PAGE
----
Bushfire victims are being warned about the health risks of returning to their homes.
Tasmania's chief health officer Dr Roscoe Taylor says smouldering debris, live electrical wires, contaminated water and asbestos are among the dangers that could be encountered.
He is urging people not to rush back to their homes unprepared.
"The desire to go home is understandable but it needs to be done carefully and safely to avoid serious injury," Dr Taylor said in a statement.
"Buildings or structures burnt in a bushfire can present many dangers including fallen or sharp objects, broken glass, smouldering coals, damaged or live electrical wires, leaking gas and weakened walls.
"There may also be risks from hazardous materials including asbestos, ash from burnt treated timbers and farm or garden chemicals."
Dr Taylor said people with pre-existing heart or lung complaints should seek medical advice.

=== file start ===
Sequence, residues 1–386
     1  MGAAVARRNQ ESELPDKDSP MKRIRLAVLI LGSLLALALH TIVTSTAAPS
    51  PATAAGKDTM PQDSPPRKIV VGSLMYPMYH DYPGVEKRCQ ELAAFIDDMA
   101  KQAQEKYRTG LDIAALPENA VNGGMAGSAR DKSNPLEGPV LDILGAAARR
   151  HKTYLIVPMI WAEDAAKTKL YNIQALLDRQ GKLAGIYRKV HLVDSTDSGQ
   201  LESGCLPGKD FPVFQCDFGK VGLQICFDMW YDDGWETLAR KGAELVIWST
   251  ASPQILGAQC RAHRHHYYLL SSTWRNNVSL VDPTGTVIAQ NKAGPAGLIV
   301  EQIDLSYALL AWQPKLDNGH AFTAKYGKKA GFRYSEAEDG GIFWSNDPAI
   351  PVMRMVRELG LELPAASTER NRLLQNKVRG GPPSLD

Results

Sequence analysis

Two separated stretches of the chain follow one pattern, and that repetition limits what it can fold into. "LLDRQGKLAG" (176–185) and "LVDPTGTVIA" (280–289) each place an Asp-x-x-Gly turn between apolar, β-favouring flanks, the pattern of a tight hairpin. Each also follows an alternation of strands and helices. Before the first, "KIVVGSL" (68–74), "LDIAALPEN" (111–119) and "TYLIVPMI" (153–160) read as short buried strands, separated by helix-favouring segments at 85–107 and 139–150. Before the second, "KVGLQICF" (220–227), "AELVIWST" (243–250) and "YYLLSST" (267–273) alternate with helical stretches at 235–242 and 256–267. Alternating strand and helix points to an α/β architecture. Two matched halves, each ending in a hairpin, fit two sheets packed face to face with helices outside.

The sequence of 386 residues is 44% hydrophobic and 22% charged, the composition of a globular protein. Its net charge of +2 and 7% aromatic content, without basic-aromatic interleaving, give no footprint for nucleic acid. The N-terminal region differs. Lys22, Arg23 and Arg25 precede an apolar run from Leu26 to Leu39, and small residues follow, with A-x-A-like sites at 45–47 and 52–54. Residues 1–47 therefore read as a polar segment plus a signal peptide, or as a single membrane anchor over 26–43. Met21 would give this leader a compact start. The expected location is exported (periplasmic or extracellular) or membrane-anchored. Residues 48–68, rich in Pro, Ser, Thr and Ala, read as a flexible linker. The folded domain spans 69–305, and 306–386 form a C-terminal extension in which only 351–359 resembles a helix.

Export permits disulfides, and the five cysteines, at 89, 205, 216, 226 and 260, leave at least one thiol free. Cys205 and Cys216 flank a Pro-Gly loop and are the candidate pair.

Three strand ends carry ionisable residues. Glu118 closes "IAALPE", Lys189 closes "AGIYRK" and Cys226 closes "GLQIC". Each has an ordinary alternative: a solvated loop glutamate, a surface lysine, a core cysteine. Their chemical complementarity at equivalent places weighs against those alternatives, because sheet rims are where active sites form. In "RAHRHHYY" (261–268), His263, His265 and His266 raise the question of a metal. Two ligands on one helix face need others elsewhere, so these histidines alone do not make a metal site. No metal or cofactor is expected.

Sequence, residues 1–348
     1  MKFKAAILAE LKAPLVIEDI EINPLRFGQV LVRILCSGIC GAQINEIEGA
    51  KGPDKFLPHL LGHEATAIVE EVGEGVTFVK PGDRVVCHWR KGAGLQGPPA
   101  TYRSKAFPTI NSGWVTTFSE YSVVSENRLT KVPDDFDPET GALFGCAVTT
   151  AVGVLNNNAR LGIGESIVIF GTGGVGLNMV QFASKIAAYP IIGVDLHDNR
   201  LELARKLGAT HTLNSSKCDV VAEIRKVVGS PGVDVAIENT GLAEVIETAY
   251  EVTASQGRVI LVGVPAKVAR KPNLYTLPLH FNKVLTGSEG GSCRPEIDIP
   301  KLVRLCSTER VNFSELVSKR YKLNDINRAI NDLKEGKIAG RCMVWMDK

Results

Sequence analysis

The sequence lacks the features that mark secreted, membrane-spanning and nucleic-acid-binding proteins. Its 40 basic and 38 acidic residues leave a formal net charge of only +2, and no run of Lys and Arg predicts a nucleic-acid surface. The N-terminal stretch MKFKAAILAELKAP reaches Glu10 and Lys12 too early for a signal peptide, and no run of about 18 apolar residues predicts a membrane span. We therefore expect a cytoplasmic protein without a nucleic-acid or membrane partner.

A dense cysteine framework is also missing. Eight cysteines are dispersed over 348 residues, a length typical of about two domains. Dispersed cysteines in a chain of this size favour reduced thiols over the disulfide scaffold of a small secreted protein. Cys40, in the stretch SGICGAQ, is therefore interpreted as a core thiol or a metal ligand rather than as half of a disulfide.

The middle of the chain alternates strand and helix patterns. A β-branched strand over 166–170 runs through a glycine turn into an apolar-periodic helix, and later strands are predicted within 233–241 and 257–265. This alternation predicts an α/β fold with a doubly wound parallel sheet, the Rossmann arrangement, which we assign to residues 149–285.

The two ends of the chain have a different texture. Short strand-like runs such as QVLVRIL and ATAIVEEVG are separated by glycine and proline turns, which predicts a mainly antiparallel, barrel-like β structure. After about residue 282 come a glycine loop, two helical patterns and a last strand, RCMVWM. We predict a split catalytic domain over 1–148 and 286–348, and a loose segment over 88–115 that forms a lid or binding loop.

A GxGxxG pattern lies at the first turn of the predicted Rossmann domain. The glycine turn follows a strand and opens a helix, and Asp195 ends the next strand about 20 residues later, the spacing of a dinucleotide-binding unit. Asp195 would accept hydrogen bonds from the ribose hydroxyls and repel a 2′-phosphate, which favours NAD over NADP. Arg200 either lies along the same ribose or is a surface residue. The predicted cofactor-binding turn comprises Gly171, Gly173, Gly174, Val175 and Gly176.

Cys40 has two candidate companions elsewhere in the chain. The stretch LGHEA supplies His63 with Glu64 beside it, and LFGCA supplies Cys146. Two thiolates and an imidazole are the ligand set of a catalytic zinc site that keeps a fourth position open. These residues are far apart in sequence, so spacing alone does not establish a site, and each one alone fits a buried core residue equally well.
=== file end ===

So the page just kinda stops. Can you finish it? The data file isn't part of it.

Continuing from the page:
Children and pets were best left with carers before the initial visit home.
"And be prepared. Returning to your property may be stressful and exhausting," he said.
"It's best to limit time spent at your property if it has been burnt out."
Returnees are being advised to wear protective clothing, including a face mask, which should be disposed of in a garbage bag when used.
Bottled drinking water is essential as tanks could be contaminated.
Dust and ash should not be disturbed, with buildings built before 1990 potentially containing asbestos.
Residues from treated timbers, LPG gas cylinders, household chemicals and burnt appliances could also be hazardous, Dr Taylor said.
Tasmania Police are yet to indicate when residents will be allowed to return to the worst-affected properties in the state's southeast.
Acting Deputy Commissioner Donna Adams said briefings would be needed to ensure people return safely.
"We don't want people going into the area and obviously compromising their safety," Ms Adams said.
Police have organised a series of convoys out of the Tasman Peninsula for those stranded, the latest scheduled for Tuesday evening.